Surely more than once we will have heard within the sports world, that an athlete can have strong discomfort or overload in the gluteal area.
We may not know that this symptom can lead to greater consequences causing what is known as pyramidal syndrome.
But do we really know what the injury is caused by and the causes of it?.
In this article our collaborator Healthing will try to clarify the main concepts in a brief and concise way, including how the Diagnosis of pyramidal syndrome.
What is piriformis syndrome?
We thus refer to the symptomatic picture triggered by the contracture of the pyramidal muscle (also known as piriform) and the compression or irritation of the sciatic nerve that can lead.
This pyramidal syndrome can manifest with symptoms such as pain in the gluteal area, which can extend along the leg, and in more severe cases, may be accompanied by weakness, numbness u tingle.
Since the sciatic nerve passes through or under this muscle, spasm of the piriformis can compromise the nerve space and irritate it (Image 1).
The athlete may suffer pain in the middle area of one of the buttocks It can extend along the leg even be accompanied by weakness, numbness or tingling, if you continue with your sports practice routinely.
this pathology It is also known as pseudocytic or false sciatica, so that it is important to make a good diagnosis differential.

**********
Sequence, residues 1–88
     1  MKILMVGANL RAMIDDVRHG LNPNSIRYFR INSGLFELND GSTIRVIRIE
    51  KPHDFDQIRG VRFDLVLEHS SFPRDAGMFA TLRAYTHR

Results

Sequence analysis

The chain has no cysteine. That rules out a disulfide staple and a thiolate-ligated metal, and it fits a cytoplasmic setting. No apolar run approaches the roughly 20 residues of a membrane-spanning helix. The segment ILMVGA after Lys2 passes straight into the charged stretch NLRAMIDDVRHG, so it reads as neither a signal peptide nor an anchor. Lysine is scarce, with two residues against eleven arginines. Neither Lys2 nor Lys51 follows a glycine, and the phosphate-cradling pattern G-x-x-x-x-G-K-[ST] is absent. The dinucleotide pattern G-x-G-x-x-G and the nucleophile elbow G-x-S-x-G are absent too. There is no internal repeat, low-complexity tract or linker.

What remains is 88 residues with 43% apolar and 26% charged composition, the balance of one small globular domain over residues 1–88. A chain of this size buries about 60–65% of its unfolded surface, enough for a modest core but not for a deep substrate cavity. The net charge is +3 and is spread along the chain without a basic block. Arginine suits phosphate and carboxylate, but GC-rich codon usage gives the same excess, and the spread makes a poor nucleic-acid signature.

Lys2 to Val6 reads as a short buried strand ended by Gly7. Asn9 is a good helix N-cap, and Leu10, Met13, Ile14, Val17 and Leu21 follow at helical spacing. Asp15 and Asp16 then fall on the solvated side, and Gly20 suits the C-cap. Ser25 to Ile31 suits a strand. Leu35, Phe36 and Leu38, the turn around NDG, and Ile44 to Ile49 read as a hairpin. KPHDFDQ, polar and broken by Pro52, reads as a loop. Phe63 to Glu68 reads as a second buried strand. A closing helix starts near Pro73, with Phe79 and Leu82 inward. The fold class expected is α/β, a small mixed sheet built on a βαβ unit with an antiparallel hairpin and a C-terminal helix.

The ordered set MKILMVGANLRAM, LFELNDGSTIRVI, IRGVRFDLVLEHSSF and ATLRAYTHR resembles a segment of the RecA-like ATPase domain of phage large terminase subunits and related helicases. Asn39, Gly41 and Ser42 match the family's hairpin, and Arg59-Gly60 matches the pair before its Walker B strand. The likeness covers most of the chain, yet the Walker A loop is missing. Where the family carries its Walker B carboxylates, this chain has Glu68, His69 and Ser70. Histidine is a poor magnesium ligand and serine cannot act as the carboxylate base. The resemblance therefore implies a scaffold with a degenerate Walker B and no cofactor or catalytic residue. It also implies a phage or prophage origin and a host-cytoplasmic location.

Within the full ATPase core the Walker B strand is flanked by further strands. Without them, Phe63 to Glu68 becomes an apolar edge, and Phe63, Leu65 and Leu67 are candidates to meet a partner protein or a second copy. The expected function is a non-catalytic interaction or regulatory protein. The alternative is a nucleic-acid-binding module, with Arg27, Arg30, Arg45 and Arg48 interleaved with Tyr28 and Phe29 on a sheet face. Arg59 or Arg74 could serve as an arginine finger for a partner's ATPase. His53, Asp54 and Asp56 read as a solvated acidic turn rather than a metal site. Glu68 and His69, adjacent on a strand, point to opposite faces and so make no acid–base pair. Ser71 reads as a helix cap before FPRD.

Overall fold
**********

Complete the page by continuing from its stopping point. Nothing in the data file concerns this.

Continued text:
In addition, in those athletes with a high physical requirement it can be related to a simple muscular overload, not knowing the nervous consequences that can bring and consequently the suspension of their sport practice.
Anatomy - Pyramidal muscle
The pyramidal runs from the antero-lateral aspect of the sacrum, inserting into the greater trochanter of the femur.
This muscle is characterized by its triangular and flattened shape and has a very close relationship with the sciatic nerve as we have commented previously.
Its main function is: perform extension movements, external rotation and hip abduction.
What is the origin of pyramidal syndrome?
Multifactorial: Overtraining, muscle shortening (especially of the piriformis and adjacent muscles) as well as spinal problems, especially in the lumbosacral area, are the main causes of this pathology.
In addition, some visceral alterations can also trigger this syndrome. To prevent piriformis syndrome, it is essential to maintain good posture and avoid overtraining.
How do we treat pyramidal syndrome?
In the early stages, we use conservative techniques such as manual therapy and osteopathic techniques.
If the injury is very acute and disabling, we can use the latest technologies we have, especially highlighting the high energy super pulsed laser, diathermy application y invasive techniques such as neuromodulation, EPI o dry puncture in the muscles to be treated.
More information http://healthing.es/
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